IN choosing to settle in Stroud shortly after the end of the First World War, David and Aimee Cruickshank did something thousands have done since.

The journey that led them there however, is unlikely to ever be repeated.

Neither were local to Gloucestershire, with David born in Glasgow in 1894 and Aimee in France.

In February 1914 David joined the 1st Battalion of the Cameronians (Scottish Rifles) and after war broke out later that year found himself in France.

After the Battle of Mons, David’s regiment retreated to Le Cateau where more fighting took place.

David was amongst 300 who were wounded, taken prisoner or went missing during the confusion of the battle.

After becoming separated from his regiment and wounded after encounter with German soldiers David then met someone who would have a life-changing, indeed lave-saving, impact on him, Madame Baudhuin.

The mother of three lived in small house in Le Cateau and came to the soldier’s aid.

With the town now under German control, David had to stay hidden. Madame Baudhuin and her family ignored warnings of severe penalties for anyone helping an enemy soldier.

What followed was a period of recovery, occasionally interrupted by searches of the property made by German soldiers.

Friends and neighbours helped David remain undetected, even after his bedding in the loft was discovered during a search.

One such neighbour was a young women called Aimee.

It was with Aimee that David, or Mademoiselle Louise as he became known, began to venture out of the house disguised as a woman.

Having been taught have to act, and learnt a new way of walking, he was soon confident to leave the confines of house during daylight.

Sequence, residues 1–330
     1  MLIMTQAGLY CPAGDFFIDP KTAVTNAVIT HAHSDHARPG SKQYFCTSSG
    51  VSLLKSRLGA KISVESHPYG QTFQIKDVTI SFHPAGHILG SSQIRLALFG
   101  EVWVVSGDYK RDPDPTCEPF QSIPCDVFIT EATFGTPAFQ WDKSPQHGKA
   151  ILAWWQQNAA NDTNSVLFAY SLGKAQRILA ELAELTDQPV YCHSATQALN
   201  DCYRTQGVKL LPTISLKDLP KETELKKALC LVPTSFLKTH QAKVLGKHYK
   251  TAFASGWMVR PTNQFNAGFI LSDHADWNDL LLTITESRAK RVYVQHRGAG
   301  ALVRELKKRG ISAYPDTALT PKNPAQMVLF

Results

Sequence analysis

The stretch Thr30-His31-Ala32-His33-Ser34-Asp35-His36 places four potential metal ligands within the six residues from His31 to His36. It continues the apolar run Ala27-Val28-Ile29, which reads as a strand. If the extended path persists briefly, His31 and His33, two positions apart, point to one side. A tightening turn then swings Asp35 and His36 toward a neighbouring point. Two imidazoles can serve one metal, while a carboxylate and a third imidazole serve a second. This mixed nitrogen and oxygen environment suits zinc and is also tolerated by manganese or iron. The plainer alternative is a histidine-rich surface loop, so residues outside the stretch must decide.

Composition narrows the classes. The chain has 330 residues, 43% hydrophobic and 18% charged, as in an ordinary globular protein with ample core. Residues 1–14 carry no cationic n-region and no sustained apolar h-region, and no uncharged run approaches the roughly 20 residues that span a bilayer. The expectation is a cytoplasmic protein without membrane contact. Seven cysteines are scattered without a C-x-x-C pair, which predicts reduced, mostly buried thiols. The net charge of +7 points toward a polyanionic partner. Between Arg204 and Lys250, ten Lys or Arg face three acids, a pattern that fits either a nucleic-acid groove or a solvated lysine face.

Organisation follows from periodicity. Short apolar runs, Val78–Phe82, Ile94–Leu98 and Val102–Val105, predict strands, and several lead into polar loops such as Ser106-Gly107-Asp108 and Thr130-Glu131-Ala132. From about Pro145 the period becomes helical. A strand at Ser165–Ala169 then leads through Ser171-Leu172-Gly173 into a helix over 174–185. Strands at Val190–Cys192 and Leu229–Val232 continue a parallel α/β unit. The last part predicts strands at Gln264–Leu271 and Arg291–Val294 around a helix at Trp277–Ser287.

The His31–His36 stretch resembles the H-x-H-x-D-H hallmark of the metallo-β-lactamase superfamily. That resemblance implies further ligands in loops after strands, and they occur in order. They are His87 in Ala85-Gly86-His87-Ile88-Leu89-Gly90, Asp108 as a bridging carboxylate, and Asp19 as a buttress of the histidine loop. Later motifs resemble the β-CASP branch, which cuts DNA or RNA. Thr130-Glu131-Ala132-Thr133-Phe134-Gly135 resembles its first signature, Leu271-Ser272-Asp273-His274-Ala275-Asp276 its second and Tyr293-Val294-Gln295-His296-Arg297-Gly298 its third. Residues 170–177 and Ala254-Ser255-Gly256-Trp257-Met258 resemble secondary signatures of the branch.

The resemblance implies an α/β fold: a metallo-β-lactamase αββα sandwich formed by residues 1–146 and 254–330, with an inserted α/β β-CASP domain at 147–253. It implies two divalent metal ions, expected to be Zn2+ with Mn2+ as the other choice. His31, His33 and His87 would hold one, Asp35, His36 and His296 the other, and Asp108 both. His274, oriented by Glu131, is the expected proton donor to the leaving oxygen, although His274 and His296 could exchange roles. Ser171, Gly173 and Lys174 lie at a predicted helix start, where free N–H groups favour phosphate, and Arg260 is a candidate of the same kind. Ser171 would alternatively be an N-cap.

David went undetected for two years but in September 1916 his luck ran out and he was finally detecting during a search in the middle of the night.

David was found guilty of spying and sentenced to death, but his incredible story was not to end there.

Julie-Celestine, who had been sentenced to 10 years imprisonment herself just moments earlier, appealed to the court to spare David’s life.

Having received no news regarding the fate of one of her sons fighting in the war, she did not want to lose David too.

She was then informed that her son died 10 months ago, and yet still continued her plea for David to be spared.

David’s sentence was then downgraded to a 10 year jail sentence.

Although his life had been spared, the rest of the war was no holiday for David.

Captured in civilian clothing, he has initially treated as a common criminal rather than a Prisoner of War.

At the end of the war David was able to return home to Glasgow.

Still a member of the army, he was given special dispensation to return to France and marry Aimee.

After leaving the army David took up a job as a gardener with the Imperial War Graves Commission.

By 1921 he and his colleagues had planted almost 1,000 cemeteries.

David left in 1923 as he, Aimee and their new son tried to build a life together.

They moved to Paris and later Glasgow, where their second son was born.

However, neither satisfied them both and they eventually came to settle in Stroud.

David found work as a fitter at Strachans and the family was finally able to settle down.

They bought a small cottage in Cainscross which was to remain their home for the rest of their married life.

Sadly, Aimee died after suffering a stroke in 1964.

David sold the cottage and went back to Glasgow before returning to be with his family in Stroud.

David passed away at the age of 78 in 1973 following a short illness.

Thanks to Glen Cruickshank for sharing his grandfather’s amazing story.

lMore information about David and others who were in similar positions during the First World War is available in John Anderson and Victor Puik’s book: Trapped Behind Enemy Lines: Accounts of British soldiers and their protectors in the Great War.